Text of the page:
Nobody knows anything’, said William Goldman of studio filmmaking. The rule is ever more apt as we survey the radical changes that digital distribution, along with the digitisation of production and exhibition, is wreaking on global film circulation. Digital Disruption: Cinema Moves On-line helps to make sense of what has happened in the short but turbulent history of on-line distribution. It provides a realistic assessment of the genuine and not-so-promising methods that have been tried to address the disruptions that moving from ‘analogue dollars’ to ‘digital cents’ has provoked in the film industry. Paying close attention to how the Majors have dealt with the challenges – often unsuccessfully – it focuses as much attention on innovations and practices outside the mainstream. Throughout, it is alive to, and showcases, important entrepreneurial innovations such as Mubi, Jaman, Withoutabox and IMDb. Written by leading academic commentators that have followed the fortunes of world cinema closely and passionately, as well as experienced hands close to the fluctuating fortunes of the industry, Digital Disruption: Cinema Moves On-line is an indispensable guide to great changes in film and its audiences.


Economic impacts of cultural heritage: research and perspectives

Bowitz, E.,
Ibenholt, K.
Journal of Cultural Heritage

Investment in cultural heritage (and other forms of culture) are often claimed to be beneficial for a local economy, not only in terms of cultural consumption, but also in the form of increased employment and income. This article addresses some methodological questions regarding economic impact studies of investments in cultural heritage projects. Different types of direct and indirect impacts are being discussed, especially how these can be calculated. We also give a short overview over some studies of economic impact of different cultural and/or tourism activities, and the pros and cons of these studies. In a study of the Norwegian town of Røros, we find that tourism related to the cultural heritages in the region contribute some 7 per cent to overall employment and income.


Economics and Culture

Throsby, D.
Cambridge UP

In an increasingly globalised world, economic and cultural imperatives can be seen as two of the most powerful forces shaping human behaviour. This book considers the relationship between economics and culture both as areas of intellectual discourse, and as systems of societal organisation. Adopting a broad definition of culture, it explores the economic dimensions of culture, and the cultural context of economics. The book is built on a foundation of value theory, developing the twin notions of economic and cultural value as underlying principles for integrating the two fields. Ideas of cultural capital and sustainability are discussed, especially as means of analysing the particular problems of cultural heritage, drawing parallels with the treatment of natural capital in ecological economics. The book goes on to discuss the economics of creativity in the production of cultural goods and services; culture in economic development; the cultural industries; and cultural policy.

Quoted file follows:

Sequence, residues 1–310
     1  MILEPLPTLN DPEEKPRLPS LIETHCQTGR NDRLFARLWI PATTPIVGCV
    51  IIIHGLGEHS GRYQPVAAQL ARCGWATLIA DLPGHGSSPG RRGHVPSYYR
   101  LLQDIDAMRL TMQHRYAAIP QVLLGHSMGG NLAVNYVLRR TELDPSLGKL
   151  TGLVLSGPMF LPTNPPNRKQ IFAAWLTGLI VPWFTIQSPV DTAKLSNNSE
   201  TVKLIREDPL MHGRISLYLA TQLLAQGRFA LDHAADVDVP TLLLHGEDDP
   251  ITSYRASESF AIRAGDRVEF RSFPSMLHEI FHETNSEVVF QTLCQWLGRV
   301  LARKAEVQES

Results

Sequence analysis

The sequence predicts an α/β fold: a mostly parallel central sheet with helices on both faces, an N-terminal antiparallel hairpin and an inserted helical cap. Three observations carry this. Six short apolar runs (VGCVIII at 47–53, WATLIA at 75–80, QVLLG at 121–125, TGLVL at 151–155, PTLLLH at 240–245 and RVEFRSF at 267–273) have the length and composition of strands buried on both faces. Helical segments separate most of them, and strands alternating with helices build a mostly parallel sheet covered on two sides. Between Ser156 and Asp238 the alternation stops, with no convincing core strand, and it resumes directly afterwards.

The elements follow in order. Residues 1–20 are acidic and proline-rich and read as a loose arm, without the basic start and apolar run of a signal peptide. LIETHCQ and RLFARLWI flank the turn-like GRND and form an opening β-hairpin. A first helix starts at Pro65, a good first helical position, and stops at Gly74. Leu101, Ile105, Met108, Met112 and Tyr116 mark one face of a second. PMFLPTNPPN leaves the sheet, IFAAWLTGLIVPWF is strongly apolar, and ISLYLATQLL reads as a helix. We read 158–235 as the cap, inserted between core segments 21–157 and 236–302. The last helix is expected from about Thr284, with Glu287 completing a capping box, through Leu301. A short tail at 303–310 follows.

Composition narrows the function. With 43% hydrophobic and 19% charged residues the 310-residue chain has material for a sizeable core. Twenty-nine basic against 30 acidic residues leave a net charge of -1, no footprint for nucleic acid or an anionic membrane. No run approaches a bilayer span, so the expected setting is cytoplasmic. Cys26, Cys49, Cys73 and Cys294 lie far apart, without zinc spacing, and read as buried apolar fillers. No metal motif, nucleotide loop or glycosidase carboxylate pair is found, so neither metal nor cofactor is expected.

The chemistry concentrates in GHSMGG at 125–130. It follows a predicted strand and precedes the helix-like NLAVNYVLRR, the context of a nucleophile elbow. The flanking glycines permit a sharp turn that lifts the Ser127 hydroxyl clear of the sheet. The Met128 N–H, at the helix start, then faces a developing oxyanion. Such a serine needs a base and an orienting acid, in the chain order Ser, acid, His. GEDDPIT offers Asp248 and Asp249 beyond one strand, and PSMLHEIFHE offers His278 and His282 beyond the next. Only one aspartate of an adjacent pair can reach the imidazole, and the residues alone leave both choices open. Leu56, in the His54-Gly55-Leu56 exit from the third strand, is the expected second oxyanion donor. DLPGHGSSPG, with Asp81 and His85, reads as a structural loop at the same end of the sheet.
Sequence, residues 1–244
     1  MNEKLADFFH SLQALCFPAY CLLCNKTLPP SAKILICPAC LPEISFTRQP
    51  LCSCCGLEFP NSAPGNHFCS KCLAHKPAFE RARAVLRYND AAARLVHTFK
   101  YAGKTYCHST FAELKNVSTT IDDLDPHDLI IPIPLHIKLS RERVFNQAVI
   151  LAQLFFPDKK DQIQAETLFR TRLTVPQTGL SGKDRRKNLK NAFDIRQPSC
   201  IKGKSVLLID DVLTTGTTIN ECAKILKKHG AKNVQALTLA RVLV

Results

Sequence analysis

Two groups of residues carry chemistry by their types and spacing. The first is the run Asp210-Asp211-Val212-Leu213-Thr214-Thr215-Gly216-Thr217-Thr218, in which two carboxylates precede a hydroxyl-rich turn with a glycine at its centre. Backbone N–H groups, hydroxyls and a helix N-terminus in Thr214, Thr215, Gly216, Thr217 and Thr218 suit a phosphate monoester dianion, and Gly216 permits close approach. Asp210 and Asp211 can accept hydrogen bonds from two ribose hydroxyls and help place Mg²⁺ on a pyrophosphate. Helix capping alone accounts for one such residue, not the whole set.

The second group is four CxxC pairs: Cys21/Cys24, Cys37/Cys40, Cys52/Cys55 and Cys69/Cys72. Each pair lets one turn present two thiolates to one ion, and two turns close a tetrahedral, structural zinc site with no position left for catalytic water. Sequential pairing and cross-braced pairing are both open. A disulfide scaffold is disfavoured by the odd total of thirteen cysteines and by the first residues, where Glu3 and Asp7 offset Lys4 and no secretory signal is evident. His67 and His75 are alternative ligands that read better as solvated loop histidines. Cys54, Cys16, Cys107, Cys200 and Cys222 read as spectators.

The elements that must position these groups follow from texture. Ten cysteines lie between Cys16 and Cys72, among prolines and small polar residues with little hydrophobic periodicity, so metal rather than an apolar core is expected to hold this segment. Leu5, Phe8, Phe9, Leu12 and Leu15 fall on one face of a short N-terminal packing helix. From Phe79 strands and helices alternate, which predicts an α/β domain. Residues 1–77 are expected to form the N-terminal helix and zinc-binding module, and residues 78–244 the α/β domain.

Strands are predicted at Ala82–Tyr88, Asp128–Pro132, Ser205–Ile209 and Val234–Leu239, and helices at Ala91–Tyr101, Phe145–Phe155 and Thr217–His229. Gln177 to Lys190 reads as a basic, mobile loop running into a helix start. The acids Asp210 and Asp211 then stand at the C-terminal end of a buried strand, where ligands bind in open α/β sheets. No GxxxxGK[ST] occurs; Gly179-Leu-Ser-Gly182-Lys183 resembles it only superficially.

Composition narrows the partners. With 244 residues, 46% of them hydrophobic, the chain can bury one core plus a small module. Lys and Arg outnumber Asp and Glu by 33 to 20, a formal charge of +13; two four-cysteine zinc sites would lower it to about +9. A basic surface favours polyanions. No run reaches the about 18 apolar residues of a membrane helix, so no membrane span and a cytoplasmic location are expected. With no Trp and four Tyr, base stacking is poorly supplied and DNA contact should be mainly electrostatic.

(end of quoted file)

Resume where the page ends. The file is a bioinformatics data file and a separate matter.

Economy of Experiences

Boswijk, A,
Peelen, E,
Olthof, S
Pearson Education Benelux

Economy of Experiences sheds light on the fundamental process of change whereby society is currently searching for new forms of value creation. The ‘Experience Economy’ is the first symptom of this process. The Economy of Experiences is more than ‘feed me’ or ‘entertain me’. Businesses and organisations have a larger, more significant role to play in supporting individuals in their search to find their own way and a significant role for themselves. This book describes, step‐by‐step, the foundations of new forms of value creation and how businesses can avoid the downward escalation of price competition (commoditisation). It starts by placing individuals at the centre of their social context as well as events that are important to them in the world in which they live. In order to facilitate these, we present new business models in which co‐ creation plays an important role. Concrete design principles are given that can be used as a basis for creating meaningful experiences. Both theory and practice are discussed; numerous cases studies are dissected. The last three chapters focus on practical applications in health care, financial service innovation and developing creative cities.


Et festlig fellesskap

Berg, M.
Oslo: Cappelen Damm Akademisk

I dette kapitlet diskuterer jeg hvordan sosial interaksjon kan foregå innenfor en festivals rammer. Empirien er generert gjennom deltakende observasjon og intervjuer på Storåsfestivalen 2007. Hovedtemaet mitt er hvordan en festival kan sette rammer for forventninger, fellesskapsfølelse, tilgjengelighet og åpenhet mot andre og brudd på forventninger som deltakerne besitter. Hvordan foregår sosial interaksjon innenfor en festivals rammer?


Karin Ibenholt er ansvarlig for denne databasen. Send gjerne forslag til endringer eller bidrag til henne.